Croup-like symptoms may be seen in several conditions. Failure to identify the cause of a child's illness can result in a delay in appropriate therapy with increase morbidity and mortality.


Infectious conditions with croup-like symptoms:

(1) epiglottitis

(2) laryngeal diphtheria

(3) retropharyngeal abscess

(4) peritonsillar abscess

(5) bacterial tracheitis


Causative bacteria may include:

(1) Hemophilus influenzae

(2) Streptococcus pneumonia

(3) Group A beta hemolytic Streptococcus and other species

(4) Staphylococcus aureus

(5) Moraxella catarrhalis

(6) Corynebacterium diphtheriae and related species


Noninfectious conditions with croup-like symptoms:

(1) foreign body aspiration (tracheal, esophageal)

(2) angioneurotic edema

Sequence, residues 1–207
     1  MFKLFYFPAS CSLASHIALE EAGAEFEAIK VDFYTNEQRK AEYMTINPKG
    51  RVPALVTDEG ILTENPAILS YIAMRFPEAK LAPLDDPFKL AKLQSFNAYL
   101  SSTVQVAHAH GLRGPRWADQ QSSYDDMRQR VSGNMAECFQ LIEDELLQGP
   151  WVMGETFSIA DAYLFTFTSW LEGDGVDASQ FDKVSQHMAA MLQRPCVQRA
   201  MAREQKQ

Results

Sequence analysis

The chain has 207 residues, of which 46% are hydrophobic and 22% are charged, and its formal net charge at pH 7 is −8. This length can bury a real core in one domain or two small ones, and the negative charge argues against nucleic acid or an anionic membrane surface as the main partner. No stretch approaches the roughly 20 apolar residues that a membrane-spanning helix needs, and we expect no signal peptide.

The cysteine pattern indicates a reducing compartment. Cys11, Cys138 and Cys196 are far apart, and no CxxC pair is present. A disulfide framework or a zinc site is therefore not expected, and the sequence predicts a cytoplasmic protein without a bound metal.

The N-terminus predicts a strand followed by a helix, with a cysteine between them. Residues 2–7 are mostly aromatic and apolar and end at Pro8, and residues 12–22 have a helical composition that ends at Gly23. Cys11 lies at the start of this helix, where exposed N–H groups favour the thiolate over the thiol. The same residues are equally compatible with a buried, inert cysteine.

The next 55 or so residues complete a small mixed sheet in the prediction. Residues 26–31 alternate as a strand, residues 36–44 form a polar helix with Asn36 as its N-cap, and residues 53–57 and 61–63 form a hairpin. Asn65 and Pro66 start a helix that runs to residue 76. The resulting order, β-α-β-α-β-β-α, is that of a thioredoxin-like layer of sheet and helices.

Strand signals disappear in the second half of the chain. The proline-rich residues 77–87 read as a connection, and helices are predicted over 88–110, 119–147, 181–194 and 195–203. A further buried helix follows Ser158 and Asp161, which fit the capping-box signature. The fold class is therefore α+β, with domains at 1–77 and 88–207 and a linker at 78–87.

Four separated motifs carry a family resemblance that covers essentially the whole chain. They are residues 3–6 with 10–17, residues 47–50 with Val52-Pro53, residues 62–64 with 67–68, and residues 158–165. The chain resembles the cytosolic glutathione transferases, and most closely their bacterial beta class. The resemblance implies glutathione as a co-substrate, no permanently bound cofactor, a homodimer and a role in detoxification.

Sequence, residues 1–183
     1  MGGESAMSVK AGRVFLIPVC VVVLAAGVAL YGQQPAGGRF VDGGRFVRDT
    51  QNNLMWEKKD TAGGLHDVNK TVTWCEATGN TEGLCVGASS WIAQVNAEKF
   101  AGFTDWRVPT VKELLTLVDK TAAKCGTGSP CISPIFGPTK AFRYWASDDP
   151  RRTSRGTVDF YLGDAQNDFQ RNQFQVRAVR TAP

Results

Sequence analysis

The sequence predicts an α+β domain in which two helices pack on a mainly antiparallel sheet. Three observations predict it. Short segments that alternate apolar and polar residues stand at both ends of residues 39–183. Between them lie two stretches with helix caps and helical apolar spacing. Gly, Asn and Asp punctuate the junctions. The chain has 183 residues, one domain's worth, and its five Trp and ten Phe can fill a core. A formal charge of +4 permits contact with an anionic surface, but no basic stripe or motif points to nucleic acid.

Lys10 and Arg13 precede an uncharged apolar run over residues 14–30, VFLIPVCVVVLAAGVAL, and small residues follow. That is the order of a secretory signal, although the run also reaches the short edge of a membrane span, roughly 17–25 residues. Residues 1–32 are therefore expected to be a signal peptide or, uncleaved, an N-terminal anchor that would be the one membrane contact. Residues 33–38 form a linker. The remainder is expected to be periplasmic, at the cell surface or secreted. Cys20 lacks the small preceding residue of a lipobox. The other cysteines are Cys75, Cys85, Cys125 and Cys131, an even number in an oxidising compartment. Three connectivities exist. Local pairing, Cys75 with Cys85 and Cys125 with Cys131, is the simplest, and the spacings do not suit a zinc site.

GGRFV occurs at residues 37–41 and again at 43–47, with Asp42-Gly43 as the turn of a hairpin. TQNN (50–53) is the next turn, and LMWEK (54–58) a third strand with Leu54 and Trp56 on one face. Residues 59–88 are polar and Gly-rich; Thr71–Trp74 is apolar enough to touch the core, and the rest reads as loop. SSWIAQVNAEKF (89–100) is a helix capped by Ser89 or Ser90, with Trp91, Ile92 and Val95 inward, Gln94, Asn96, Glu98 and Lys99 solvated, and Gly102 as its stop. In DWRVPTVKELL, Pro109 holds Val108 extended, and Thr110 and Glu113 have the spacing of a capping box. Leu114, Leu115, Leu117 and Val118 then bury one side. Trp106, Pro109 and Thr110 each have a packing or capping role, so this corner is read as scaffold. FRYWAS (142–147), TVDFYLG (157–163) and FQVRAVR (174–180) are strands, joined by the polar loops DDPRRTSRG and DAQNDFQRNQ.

(3) allergic reaction

(4) toxic inhalation


Reasons to consider one of these diagnoses:

(1) failure to respond to standard croup therapy

(2) fever

(3) toxic-like appearance

(4) outbreak or high prevalence of an infection in a population

(5) inadequate vaccination to diphtheria or Hemophilus influenzae

(6) history of a chewing or swallowing something just prior to onset

(7) sudden onset

(8) presence of urticaria or other signs of an allergic reaction

(9) non-barking cough


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